Book Review: Life by Keith Richards

Life By Keith Richards9439303

Release Date: October 26th 2010

1600108_10152164384975908_207743490_n A true and towering original, he has always walked his own path, spoken his own mind, and done his own thing.

Reluctant outlaw, rock ‘n’ roll’s unparalleled hellraiser, and one of the greatest guitar gods of all time, Keith Richards has forged a life that most of us can only imagine–and often envy. And amazingly he’s lived to tell about it. Now, at last, in his own words, the ultimate rock Icon gives us the definitive rock autobiography.

In Life, in his own raw, fierce voice, the man himself tells about life lived fast and hard in the creative hurricane–from his early days as a young boy growing up in a council estate, listening obsessively to Chuck Berry and Muddy Waters records, to taking the guitar to its absolute limit and joining forces with Mick Jagger to form The Rolling Stones.


Wow, what a great read. A truly absorbing book you want to complete in one sitting.

Keith Richards was a clever kid, a talented artist, a choirboy who sang for the Queen and became an outstanding musician in one of the world’s best bands. What is most on display in this book is his tremendous interest in music and musicians, not in rock, bands, money and fame – a lot of which he finds a bit of a pain but to be endured because that goes with the job.

We never hear the ins and outs of being a tremendously successful heroin junkie. No, the spin is always on those poor street people who will steal their own mother’s wedding ring for the next fix as they are quite beyond work. Richards enjoys his drugs a lot and tells us exactly what it feels like to be high on them and how it helped his work. His main supplier is his best friend and partner in crime, the very flamboyant Freddie Sessler, a holocaust survivor and owner of pharmacies so he could supply medical grade cocaine and heroin, who traveled along with the Stones. There were other dealers to ensure that when the band arrived at their tour date, the drugs would be ready and waiting, always a difficult time for a junkie.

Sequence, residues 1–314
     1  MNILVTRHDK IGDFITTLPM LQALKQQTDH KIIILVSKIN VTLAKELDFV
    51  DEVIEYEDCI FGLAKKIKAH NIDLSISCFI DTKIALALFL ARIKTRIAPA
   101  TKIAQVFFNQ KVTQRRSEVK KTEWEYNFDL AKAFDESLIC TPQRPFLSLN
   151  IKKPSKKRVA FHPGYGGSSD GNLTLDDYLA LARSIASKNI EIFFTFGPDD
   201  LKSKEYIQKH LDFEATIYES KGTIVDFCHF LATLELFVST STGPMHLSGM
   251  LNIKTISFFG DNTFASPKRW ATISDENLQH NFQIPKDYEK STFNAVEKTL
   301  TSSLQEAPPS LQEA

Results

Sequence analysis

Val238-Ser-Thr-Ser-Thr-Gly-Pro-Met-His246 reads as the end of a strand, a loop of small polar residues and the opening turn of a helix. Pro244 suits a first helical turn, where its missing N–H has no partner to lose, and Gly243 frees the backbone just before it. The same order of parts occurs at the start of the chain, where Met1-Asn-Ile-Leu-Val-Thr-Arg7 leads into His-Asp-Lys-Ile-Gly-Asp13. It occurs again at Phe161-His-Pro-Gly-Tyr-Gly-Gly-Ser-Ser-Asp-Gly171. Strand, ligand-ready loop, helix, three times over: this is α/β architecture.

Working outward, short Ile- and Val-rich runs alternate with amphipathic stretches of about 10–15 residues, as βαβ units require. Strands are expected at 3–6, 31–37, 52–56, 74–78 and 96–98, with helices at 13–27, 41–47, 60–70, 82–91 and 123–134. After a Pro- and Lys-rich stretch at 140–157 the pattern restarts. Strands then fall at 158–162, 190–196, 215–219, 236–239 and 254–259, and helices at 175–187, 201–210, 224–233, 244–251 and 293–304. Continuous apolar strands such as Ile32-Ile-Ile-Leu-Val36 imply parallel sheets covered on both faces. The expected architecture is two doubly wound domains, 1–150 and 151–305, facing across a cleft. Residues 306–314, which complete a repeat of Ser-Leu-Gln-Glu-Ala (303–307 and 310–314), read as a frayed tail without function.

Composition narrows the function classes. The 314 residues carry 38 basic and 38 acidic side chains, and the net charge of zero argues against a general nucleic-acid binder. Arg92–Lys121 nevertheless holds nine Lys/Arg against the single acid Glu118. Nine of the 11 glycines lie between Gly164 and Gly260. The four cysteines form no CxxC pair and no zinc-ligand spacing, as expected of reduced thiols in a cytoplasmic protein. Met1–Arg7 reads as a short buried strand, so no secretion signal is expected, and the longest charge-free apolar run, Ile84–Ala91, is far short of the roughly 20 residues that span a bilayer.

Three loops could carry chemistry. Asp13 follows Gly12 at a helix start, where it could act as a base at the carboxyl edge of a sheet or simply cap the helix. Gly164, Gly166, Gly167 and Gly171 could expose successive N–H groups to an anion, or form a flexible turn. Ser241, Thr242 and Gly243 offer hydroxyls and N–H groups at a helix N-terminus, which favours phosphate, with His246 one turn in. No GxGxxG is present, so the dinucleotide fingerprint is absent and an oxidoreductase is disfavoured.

The antics of the UK and especially US law enforcement officers to catch, entrap, imprison and get the Stones banned are hilarious as are the stories of Richards escaping them. This is where money and being a big name helps!

The story about Richards and Bobby Keys being got off a rap they had no defense against by the owner of Dole Pineapples is classic.

Richards also went cold turkey fairly often, not because he wanted to give up drugs but because he had to be clean and without the desperate need for drugs so he could enter various countries and tour with the band. These parts of the story are fairly harrowing to read, I really had no idea what cold turkey was really like but how it is very limited in time and can be endured. When he actually decided to give up drugs, he made two attempts and that was it, gave them up thirty years ago.

Keith is much more than we perceive him to be. This man is clever, sensitive, this lover of books, this chronicler of arguably the best rock band ever, this musician’s musician, this composer of beautiful songs had a dark side trying to overpower his goodness. The drug-taking, alcohol-sodden, irreverent, authority-bucking wild side, the man who took a lot of drugs and lived exactly as he pleased because he had the money to do so and continues to entertain us.

About Maison Moonchild

A Canadian gal that firmly believes words can change the world. An avid reader, writer and Halloween enthusiast. She has a special interest in communications and writes for pleasure and profession. She moonlights as a metaphysical maven with a knack for creating magical crystal jewelry and holiday accessories.
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